Martin Luther King Jr.'s children return to court over his Bible and Nobel Prize

Story highlights

  • Dexter King, Martin Luther King III want to sell MLK's Bible and Nobel Peace Prize
  • Sister Bernice opposes selling the items

(CNN)The children of Dr. Martin Luther King Jr. will be in an Atlanta court Tuesday in the latest chapter of an ugly legal fight pitting the two brothers against their sister.

At issue: control over two precious items that belonged to their father, his Bible and his Nobel Peace Prize.
Bernice King contends her brothers aim to sell them, something she robustly opposes.
    Dexter King and Martin Luther King III succeeded last year in getting Bernice King to hand over the relics.
    Since then, they've been in a safe deposit box and, in a sign of how contentious the fight has been, only a judge has a key.
    Fulton County Superior Court Judge Robert McBurney could soon decide which side will ultimately control the items.
    The Bible, which King took on the road with him, was used to swear in President Barack Obama for his second term. The Peace Prize King received in 1964 was for his "nonviolent campaign against racism." King's acceptance of that prize is the opening scene in the critically acclaimed civil rights film "Selma."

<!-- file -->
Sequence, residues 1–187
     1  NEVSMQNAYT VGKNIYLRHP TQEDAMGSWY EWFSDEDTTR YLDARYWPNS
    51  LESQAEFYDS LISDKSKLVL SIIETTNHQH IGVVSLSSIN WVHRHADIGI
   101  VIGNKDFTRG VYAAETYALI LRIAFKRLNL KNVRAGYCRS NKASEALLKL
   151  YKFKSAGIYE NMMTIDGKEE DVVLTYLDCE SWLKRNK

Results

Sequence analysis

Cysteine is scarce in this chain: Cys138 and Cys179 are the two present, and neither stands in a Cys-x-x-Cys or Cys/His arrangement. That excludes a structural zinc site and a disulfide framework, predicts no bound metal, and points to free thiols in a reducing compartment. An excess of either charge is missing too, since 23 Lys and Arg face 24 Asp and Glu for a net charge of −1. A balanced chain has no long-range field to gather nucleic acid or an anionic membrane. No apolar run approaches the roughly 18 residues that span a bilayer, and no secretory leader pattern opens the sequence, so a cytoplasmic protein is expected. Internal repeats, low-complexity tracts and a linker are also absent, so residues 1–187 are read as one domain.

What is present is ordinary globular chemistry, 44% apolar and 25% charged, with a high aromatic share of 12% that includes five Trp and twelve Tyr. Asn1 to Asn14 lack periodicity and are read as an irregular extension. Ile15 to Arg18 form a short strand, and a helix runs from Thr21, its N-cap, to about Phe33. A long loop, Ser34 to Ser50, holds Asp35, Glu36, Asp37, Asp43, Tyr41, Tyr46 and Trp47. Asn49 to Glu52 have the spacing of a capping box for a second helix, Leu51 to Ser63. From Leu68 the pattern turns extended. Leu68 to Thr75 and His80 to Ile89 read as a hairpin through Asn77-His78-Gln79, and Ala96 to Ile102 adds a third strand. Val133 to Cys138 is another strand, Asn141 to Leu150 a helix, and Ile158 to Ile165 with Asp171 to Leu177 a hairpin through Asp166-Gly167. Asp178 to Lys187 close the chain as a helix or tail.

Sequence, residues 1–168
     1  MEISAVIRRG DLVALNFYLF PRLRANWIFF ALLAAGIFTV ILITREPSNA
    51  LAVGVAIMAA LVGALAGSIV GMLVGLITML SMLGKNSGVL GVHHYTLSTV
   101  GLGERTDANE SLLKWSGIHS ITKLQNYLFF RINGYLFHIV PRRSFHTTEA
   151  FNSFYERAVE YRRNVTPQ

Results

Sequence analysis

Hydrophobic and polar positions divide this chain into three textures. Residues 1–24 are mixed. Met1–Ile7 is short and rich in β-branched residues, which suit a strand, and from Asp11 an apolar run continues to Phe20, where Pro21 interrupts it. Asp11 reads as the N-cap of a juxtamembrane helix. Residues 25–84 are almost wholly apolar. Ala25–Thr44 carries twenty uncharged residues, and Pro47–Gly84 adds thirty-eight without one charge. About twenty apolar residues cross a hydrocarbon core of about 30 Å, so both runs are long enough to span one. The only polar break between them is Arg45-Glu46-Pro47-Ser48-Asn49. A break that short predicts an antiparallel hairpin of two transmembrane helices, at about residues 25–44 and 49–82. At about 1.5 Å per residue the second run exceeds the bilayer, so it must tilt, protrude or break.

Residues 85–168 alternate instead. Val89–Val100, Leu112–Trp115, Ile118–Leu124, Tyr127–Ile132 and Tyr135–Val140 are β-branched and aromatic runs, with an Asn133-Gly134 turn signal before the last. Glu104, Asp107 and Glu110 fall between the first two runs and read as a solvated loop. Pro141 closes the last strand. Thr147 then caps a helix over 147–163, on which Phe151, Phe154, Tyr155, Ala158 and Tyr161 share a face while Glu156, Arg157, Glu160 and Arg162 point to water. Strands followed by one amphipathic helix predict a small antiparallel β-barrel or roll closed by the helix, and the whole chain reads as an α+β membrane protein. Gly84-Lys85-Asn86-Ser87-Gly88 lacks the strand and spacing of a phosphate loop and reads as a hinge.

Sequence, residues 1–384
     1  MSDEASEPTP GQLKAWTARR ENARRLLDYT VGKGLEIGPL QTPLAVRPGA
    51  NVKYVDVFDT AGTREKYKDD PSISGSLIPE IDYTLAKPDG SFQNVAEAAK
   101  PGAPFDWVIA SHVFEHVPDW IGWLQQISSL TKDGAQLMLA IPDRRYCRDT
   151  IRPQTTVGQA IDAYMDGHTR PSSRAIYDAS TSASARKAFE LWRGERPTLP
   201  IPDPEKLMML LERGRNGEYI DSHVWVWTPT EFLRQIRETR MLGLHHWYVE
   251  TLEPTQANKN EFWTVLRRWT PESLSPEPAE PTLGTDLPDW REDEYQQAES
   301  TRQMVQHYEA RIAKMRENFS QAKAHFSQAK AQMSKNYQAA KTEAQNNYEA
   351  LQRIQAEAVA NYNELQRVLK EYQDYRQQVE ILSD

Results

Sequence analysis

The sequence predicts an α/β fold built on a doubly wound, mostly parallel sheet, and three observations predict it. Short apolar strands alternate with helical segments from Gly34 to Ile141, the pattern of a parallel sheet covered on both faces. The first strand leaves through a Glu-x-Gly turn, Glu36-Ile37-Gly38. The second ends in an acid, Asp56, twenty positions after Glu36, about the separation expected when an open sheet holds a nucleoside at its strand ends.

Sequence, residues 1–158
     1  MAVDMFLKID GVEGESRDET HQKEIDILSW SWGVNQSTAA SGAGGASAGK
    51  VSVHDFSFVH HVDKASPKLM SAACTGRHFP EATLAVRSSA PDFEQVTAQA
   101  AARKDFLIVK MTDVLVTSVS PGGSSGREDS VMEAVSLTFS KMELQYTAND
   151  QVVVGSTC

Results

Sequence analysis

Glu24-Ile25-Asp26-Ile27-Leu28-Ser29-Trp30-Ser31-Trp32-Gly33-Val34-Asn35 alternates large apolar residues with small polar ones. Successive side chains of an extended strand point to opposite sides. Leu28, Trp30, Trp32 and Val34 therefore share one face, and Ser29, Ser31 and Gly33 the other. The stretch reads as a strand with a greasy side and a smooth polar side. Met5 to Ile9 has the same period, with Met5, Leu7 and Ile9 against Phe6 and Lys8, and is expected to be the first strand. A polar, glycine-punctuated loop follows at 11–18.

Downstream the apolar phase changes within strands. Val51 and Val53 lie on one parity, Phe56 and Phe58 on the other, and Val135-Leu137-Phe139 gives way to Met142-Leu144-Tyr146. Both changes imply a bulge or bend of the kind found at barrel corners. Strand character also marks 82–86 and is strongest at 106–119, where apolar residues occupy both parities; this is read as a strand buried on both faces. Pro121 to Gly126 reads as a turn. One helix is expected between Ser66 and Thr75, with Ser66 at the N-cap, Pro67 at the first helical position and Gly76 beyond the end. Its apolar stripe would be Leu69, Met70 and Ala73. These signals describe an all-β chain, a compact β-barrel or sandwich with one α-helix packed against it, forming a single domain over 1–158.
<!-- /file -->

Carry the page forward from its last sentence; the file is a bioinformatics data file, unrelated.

That image: of a civil rights icon being recognized for his work stands sharply at odds with the public fight between the siblings. Something Bernice King herself has noted, calling it "an embarrassing chapter in our family's history."
    Before the case ended up in a courtroom, the siblings held a vote to determine if they should sell the items. The three make up the board of the King Estate. The brothers say that the future of the estate would be threatened if a sale could not be made. They both voted to sell, Bernice voted against.
    No prospective buyers or dollar amount have been publicly disclosed.
    In 2006 the estate put King's papers on the auction block. But before the planned sale at Sotheby's could go forward a group of anonymous buyers stepped in. The group paid an "undisclosed amount" for the 10,000 manuscripts and books, including drafts of his "I Have a Dream" speech. The collection, which had been expected to go for as much as $30 million, is now housed at Morehouse College in Atlanta.
    Two years later Bernice and Martin filed suit against Dexter. They accused him of converting "substantial funds from the estate's financial account at Bank of America" for his own use. The case was later settled.